The search is on for answers, as more information about Wednesday’s deadly school shooting in Florida unfolds.
“Horrible and heartbreaking” are some of the words used to describe the scene at that high school in Parkland, Fl.
Yet it continues to happen, and Fairfield Police Chief Gary MacNamara says something needs to be done or sadly, it’s not going to stop.
“I think collectively we’re all tired of it and we need to really focus on finding solutions to the problems,” MacNamara said.
MacNamara is the chairman for Community Outreach with the Connecticut Police Chief’s Association, and says local police departments continue to work together, training to make sure they’re prepared if they should ever face another incident like the shooting at Sandy Hook Elementary School.
“Our goal is to get there as fast as we can, to make sure the school is locked down, so we train our teachers, we train our students, we even train our parents on what we’re doing. The idea behind it is to clear our hallways, get all the innocent people out of the way, so our officers can respond directly to the threat,” MacNamara said.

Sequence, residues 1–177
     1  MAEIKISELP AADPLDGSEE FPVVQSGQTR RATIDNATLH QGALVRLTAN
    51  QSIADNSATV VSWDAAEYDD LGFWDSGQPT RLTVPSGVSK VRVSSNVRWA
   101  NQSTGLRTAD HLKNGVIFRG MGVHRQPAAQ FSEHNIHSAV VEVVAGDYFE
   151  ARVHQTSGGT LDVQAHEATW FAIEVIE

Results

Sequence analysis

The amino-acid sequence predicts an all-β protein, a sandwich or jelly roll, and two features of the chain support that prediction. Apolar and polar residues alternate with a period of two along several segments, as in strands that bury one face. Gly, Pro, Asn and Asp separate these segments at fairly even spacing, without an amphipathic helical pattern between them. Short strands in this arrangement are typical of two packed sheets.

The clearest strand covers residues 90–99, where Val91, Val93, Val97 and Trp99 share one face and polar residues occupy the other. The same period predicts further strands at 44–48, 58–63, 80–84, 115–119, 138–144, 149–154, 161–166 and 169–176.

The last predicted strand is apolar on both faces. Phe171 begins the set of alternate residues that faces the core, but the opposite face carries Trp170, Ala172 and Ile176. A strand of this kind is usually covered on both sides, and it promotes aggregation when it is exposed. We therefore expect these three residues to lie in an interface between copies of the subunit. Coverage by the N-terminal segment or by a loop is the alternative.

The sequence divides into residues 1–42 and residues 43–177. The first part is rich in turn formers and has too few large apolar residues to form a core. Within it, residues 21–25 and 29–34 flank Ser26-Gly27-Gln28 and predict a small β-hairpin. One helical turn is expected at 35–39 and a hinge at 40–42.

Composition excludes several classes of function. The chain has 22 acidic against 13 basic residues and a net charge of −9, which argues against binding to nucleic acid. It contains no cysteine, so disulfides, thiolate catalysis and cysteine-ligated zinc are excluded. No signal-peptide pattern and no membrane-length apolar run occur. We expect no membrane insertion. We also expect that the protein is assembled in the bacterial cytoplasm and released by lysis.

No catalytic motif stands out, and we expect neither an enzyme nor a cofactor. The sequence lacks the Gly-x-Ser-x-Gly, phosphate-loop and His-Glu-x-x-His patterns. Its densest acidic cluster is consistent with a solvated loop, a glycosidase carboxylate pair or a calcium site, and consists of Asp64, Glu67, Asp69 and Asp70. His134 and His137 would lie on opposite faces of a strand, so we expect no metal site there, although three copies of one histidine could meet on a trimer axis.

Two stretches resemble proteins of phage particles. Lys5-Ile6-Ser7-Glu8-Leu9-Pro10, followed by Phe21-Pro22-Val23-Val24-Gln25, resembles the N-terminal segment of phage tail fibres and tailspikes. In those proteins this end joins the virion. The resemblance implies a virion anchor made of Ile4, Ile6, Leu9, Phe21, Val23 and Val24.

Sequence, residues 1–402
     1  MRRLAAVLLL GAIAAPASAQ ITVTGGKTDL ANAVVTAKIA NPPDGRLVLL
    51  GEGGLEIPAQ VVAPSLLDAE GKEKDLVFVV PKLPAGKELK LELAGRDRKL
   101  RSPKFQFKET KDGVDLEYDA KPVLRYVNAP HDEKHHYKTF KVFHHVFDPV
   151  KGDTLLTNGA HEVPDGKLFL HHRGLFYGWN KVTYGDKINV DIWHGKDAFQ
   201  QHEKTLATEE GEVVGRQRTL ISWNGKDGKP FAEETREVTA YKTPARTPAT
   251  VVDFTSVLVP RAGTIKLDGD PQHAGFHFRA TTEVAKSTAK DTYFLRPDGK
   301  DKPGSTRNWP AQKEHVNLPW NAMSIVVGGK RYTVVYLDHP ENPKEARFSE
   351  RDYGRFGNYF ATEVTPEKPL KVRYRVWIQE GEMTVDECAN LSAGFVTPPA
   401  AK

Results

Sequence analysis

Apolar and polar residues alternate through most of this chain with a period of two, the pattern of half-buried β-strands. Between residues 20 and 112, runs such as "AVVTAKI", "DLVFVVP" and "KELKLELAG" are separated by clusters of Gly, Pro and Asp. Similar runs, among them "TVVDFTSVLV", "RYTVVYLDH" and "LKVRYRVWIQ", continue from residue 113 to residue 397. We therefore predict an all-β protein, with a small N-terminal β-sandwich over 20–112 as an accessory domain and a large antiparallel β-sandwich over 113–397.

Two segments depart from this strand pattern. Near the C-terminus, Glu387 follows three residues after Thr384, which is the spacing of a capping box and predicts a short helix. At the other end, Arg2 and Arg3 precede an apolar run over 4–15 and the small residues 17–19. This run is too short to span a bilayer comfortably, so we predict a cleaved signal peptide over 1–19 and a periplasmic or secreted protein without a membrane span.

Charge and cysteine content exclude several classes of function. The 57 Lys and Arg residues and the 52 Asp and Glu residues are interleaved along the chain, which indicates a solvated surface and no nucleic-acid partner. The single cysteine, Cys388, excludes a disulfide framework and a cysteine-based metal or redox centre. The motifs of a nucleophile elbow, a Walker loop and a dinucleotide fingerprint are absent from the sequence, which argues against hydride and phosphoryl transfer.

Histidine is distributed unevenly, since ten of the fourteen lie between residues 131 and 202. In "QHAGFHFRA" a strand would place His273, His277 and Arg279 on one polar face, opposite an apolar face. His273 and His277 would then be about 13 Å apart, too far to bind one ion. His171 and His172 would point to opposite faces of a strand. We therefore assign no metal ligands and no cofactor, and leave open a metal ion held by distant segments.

As for getting to and stopping that potential threat before it turns deadly, he said that’s the issue.
“I think the trend now because they’re happening so often because they’re so many of them and we look at them as all being the same and they’re not the same,” MacNamara said.
The latest was Wednesday, when 17 people were killed at a high school in Parkland, Fl.
It was the 18th school shooting since the start of 2018, and according to Newtown Action Alliance, the 291st since the one at Sandy Hook.
“Not one thing will solve this problem, but until we understand the uniqueness of these attacks, and that means diving down to did somebody else know, was it posted, were there signs that were missed, sometimes there were, sometimes there aren’t, was there illegal access to weapons, can we do a better job with securing weapons, are their more laws that can be enacted? I don’t know the answer to that, but we can’t put a blanket resolution over the incidents, because they appear to be the same,” MacNamara said.
He says look at it like a plane crash. He says there’s a reason why the NTSB investigates every single one.
While they all appear the same, he says many times they’re not, and he says in the case of these shootings, he says identifying the unique details of each case, could be the key to prevention.
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